SMEs And Start-ups In Synergy

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This article concludes a series exploring co-working spaces in Malaysia. Stay tuned to Smart Investor for more in-depth coverage of industry issues, perspectives and personalities!

Venturing into collaborative spaces in March 2017 with its first 15,000-sq ft location in Glo Damansara Shopping Mall in Taman Tun Dr Ismail, WORQ is positioned as a hyper-localised community geared towards enhancing the productivity of entrepreneurs, freelancers and enterprises.

Following on the success of its Glo Damansara location, which saw full occupancy within two months with more than 70 teams housed, the company will be launching its second location, comprising 22,000 sq ft in UOA Business Park near Subang Jaya on 5 October this year.

“WORQ prides itself as the best community work space. This means customers who join us get to leverage on a like-minded, helpful, and closeknit community to supercharge their work and productivity,” says WORQ CEO and Co-founder Stephanie Ping.

20181115 Room to Grow 3b

Ping is bullish on growth prospects in Malaysia,
given the country’s primarily suburban population.

“Furthermore, WORQ is hyper-localised. This means that the help and information you can get from joining WORQ is not something you can Google, but rather something local, that is your daily support system. In many ways this is priceless, almost like an extended family, and this is something you can’t get by just going online or being in an office space.”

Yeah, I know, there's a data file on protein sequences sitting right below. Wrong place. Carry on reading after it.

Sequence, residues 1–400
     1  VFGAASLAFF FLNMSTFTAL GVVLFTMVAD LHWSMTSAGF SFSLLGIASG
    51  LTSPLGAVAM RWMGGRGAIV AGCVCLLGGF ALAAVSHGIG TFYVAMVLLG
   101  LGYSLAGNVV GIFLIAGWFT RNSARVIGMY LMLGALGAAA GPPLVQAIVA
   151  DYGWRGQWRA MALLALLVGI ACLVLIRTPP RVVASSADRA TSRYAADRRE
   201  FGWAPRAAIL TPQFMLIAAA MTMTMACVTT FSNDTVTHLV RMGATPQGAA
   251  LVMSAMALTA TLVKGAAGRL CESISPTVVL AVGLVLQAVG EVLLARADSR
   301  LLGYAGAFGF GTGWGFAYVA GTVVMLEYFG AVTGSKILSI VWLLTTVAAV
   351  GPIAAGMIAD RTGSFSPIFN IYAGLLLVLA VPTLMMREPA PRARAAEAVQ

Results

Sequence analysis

She likens WORQ to other start-ups such as Uber, which drive demand for products and services heretofore unseen. In Uber’s case, this was ridehailing; in WORQ’s case, it would be the support ecosystem surrounding their core business of collaborative spaces.

“WORQ is not just a co-working space or a real estate company. WORQ’s true goal is to create products that never were; that is, to disrupt  traditional industries. It has been expensive and inconvenient for customers to use real estate products. For thousands of dollars in rent, or millions of dollars in real estate purchases, consumers were not even getting basic things like flooring or lighting,” she says.

“In comes WORQ, where not only do we provide everything you need except your laptop, we also provide clients with the soft element of a  hyperlocalised community. We take our customers’ success into account. However, WORQ will not just stop there. This is just the first step in our quest.”

Ping is bullish on growth prospects in Malaysia, given the country’s primarily suburban population and WORQ’s focus on the mass market, as opposed to corporate players based in metropolitan zones. Moving forward, she shares that the operator has structured its business model with an eye to expansion in other states as well as overseas.

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